Transcritical CO2 refrigeration is becoming an increasingly popular technology in the ice rink industry for creating the rock-hard ice needed to support skaters.

But another issue facing ice rinks is controlling humidity,  which can cause fog, condensation, mildew, odors and rust, and drive up energy costs.

The most popular way to dehumidify ice rinks is desiccant dehumidification, where the moisture is absorbed by an absorbent material, which then has to be “reactivated” with high-temperature heat. The method is effective, but also energy intensive.

An effective strategy for reducing the energy consumed in desiccant dehumidification is to leverage the waste heat from the ice rink’s refrigeration system. This is one of the energy-saving insights in a new research report from EKA (Energi & Kylanalys), a Swedish firm that offers consultancy services in refrigeration, energy analysis and energy efficiency, with a specialty  in ice rinks, including CO2-cooled arenas.

Desiccant dehumidification originally used the recovered heat in combination with electricity, saving up to 40% of the electricity consumption. But newer technology uses water-based heat at 60°C (140°F) to reactivate the dehumidifier, which makes it possible to lower the electricity demand even further, EKA states in its report.

“Results and experiences show that more than 80% of the dehumidification energy demand can be covered by recovered heat from the refrigeration system,” the EKA report authors say.

CO2-cooled ice rinks – from which significant amounts of waste heat can be recovered – have a particular advantage here, EKA previously explained in a 2018 research paper. “Carbon dioxide refrigeration systems provide more heat at a higher temperature level than other refrigerants which is a perfect match to the dehumidification heat demand,” said the paper, titled “Reactivation of ice rink sorption dehumidifiers with recovered heat.”

“When the dehumidification demand peaks, during the warmer part of the year, we also have more heat available [from CO2 refrigeration],” Jörgen Rogstam, Managing Director, told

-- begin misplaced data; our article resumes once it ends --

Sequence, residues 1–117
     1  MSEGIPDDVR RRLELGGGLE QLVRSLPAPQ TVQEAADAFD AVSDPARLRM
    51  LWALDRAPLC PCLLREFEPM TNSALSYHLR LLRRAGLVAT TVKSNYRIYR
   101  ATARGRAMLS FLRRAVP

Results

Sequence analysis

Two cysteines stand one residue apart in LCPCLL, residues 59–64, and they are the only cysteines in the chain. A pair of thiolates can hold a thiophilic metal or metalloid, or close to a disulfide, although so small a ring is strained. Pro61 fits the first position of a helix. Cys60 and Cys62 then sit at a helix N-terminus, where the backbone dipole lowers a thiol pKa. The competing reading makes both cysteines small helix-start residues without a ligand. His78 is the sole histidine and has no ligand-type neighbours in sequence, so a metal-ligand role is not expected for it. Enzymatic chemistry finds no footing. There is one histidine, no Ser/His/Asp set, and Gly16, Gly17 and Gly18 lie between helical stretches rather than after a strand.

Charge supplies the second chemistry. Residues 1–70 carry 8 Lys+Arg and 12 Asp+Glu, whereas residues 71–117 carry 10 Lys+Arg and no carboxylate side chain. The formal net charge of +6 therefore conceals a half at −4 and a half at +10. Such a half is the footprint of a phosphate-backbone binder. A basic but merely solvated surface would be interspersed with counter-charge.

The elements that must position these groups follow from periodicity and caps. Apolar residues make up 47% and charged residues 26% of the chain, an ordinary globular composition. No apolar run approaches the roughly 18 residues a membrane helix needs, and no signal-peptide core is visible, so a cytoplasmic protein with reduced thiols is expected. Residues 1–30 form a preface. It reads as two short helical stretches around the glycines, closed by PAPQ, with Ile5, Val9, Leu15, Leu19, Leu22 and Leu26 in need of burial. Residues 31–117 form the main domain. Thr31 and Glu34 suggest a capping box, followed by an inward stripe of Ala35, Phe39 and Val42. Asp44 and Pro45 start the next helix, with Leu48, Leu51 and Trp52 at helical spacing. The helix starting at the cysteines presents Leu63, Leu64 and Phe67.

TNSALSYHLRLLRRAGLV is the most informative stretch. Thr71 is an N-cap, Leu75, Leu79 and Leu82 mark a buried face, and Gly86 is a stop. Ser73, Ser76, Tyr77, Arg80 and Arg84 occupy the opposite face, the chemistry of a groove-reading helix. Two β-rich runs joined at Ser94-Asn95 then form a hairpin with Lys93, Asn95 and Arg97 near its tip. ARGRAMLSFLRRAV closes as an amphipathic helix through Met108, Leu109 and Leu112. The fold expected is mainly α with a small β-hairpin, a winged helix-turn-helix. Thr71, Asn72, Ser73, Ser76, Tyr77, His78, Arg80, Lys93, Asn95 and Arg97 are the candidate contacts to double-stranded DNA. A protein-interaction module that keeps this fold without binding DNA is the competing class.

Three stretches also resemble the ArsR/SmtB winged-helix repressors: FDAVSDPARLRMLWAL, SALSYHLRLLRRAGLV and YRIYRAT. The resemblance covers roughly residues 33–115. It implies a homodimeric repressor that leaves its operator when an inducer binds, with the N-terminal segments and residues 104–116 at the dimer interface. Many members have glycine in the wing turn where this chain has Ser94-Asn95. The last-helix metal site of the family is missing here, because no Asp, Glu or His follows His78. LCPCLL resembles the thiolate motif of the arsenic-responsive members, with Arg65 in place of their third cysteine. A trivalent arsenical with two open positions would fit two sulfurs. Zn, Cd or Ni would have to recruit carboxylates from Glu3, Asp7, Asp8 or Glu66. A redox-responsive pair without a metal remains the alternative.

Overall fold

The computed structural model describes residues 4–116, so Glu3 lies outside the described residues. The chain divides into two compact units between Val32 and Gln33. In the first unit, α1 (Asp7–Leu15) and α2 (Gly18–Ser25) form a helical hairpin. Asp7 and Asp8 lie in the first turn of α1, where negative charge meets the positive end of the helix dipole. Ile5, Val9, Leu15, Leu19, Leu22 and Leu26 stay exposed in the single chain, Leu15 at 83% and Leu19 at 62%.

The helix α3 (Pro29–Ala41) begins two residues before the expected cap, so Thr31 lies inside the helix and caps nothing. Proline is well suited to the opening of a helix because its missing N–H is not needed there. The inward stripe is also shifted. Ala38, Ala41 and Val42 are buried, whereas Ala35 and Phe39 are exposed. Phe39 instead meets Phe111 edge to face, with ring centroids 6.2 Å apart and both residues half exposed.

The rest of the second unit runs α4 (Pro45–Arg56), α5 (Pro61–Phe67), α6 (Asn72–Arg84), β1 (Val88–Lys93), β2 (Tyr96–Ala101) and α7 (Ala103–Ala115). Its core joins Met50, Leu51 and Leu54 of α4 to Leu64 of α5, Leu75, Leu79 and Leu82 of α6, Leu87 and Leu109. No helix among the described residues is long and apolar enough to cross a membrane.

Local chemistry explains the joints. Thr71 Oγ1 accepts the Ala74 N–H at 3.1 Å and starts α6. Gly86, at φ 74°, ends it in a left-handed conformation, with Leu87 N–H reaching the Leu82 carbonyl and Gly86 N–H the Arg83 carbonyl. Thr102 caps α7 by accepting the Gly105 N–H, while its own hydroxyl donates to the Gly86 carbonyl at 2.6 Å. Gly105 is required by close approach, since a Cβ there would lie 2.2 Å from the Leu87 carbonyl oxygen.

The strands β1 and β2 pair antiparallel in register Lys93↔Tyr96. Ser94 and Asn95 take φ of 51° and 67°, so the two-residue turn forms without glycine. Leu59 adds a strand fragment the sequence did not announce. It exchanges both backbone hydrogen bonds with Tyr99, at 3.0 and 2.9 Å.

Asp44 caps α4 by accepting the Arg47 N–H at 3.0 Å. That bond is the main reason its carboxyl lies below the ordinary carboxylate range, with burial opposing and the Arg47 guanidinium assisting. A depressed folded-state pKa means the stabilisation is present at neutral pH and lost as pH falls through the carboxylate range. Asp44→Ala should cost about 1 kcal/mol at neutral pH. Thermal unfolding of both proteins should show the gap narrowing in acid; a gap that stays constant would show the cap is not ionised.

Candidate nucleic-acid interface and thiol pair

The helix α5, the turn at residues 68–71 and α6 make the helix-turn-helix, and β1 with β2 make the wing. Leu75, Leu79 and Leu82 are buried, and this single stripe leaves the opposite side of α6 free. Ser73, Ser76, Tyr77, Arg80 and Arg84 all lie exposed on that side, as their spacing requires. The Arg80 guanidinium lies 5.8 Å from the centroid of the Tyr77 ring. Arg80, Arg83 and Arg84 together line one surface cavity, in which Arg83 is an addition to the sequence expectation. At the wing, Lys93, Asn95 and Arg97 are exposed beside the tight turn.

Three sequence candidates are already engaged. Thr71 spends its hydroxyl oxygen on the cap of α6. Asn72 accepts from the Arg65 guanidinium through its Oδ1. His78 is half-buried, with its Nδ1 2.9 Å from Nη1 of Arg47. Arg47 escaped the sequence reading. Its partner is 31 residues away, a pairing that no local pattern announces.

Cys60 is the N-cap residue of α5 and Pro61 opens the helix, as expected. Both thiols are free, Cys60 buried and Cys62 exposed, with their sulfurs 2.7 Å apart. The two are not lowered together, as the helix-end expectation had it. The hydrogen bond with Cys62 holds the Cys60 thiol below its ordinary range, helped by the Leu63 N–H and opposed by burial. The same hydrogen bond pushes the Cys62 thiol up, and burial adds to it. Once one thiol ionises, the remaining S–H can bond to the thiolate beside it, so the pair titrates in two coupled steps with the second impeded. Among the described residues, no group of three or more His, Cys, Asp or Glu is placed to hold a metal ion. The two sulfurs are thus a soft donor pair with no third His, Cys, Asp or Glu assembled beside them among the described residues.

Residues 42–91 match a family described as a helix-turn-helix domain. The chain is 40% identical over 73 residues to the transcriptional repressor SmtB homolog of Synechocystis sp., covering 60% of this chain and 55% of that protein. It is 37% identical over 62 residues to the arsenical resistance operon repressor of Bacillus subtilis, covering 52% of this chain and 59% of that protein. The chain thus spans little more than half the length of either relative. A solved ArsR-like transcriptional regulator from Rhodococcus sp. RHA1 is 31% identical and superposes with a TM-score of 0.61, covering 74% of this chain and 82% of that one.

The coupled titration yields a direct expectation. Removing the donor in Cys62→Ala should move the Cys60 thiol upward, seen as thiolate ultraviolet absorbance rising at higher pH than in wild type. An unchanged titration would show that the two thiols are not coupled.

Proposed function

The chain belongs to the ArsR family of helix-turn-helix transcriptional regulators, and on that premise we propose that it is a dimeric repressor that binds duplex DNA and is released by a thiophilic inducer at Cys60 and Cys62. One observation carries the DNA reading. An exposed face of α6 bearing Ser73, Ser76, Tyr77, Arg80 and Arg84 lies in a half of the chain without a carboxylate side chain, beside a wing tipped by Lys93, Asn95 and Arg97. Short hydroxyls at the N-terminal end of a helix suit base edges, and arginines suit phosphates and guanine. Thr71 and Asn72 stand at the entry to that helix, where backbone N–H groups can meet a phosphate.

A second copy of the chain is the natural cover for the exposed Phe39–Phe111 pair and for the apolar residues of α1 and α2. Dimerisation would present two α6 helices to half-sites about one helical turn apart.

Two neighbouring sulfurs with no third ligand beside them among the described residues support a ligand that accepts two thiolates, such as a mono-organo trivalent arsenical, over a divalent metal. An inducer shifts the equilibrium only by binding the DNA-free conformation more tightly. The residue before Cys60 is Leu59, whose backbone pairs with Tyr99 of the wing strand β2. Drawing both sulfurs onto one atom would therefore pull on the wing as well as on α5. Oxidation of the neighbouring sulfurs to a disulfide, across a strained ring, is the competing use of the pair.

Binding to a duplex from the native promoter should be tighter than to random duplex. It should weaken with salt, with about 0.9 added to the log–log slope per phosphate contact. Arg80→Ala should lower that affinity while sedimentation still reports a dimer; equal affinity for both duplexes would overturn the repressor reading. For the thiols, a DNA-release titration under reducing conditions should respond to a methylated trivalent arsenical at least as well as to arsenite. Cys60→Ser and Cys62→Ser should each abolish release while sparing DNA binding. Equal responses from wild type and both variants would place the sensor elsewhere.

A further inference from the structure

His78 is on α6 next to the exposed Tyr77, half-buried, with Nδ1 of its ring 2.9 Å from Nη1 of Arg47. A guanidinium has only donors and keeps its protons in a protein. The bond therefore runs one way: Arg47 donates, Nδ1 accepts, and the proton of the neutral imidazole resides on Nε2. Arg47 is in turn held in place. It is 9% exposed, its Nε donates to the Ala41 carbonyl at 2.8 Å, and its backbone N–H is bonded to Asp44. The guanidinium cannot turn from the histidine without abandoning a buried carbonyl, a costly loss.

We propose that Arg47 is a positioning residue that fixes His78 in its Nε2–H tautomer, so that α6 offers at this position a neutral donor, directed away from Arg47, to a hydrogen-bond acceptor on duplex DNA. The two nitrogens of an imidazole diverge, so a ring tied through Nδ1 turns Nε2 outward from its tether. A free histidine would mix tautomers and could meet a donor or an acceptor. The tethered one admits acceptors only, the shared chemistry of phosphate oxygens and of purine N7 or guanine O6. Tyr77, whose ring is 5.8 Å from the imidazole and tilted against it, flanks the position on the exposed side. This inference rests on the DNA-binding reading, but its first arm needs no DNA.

Where does the moisture come from?

There are two moisture sources in ice rinks — internal and external. Internal sources include the exhalations and body heat from the skaters and audience inside the rink, and in some cases vaporized water from the resurfacing process or the melting pit.

The external sources bring in moisture from outside the rink by convection through openings of the building – also called air leakage in the EKA report –  or by diffusions through the building envelope.

Air leakage, often due to differences in indoor and outdoor air pressures, is “by far” the biggest moisture source, the report states. The magnitude of the air leakage is usually large enough that it “practically” becomes unnecessary to bring in fresh air via the ventilation system. In a typical Swedish ice arena the leakage is normally 5-15% per hour.

“The damper of the outside air should therefore be kept closed to minimize the moisture load and only be opened if the CO2 levels of the arena room become too high,” the report says.

The ventilation and dehumidification distribution systems of an ice rink should be separated, the report stresses.

Optimal dew point

Relative humidity is often the metric used in discussions of moisture levels at ice rinks, but since it varies with temperature, it says little about the actual moisture content in the air.

Consequently, the best way to tackle mositure is to look at absolute terms like dew point or humidity ratio, the report says.

The dew point should be maintained between 0°C and 2°C (32°F and 35.6°F) in order to ensure a sustainable and optimal indoor climate, the report notes. If it is lower than 0°C it intensifies the moisture loads due to vaporization of resurfacing water,  and if it is higher than 2°C there is an increased risk of problems related to condensation.

Controlling dehumidifiers according to relative humidity instead of dew point or humidity ratio often results in “unnecessary operation,” and thus increased energy usage if the arena gets “over dried,” the report says.

The report describes a field study where an ice rink used a relative-humidity control strategy. The researchers concluded that 30% of the dehumidification energy had gone to waste, which meant that 44MWh of the electricity could have been saved on a yearly basis.

“Carbon dioxide refrigeration systems provide more heat at a higher temperature level than other refrigerants.”


Want to find out more, or have something to say about this story? Join the ATMO Connect network to meet and engage with like-minded stakeholders in the clean cooling and natural refrigerant arena.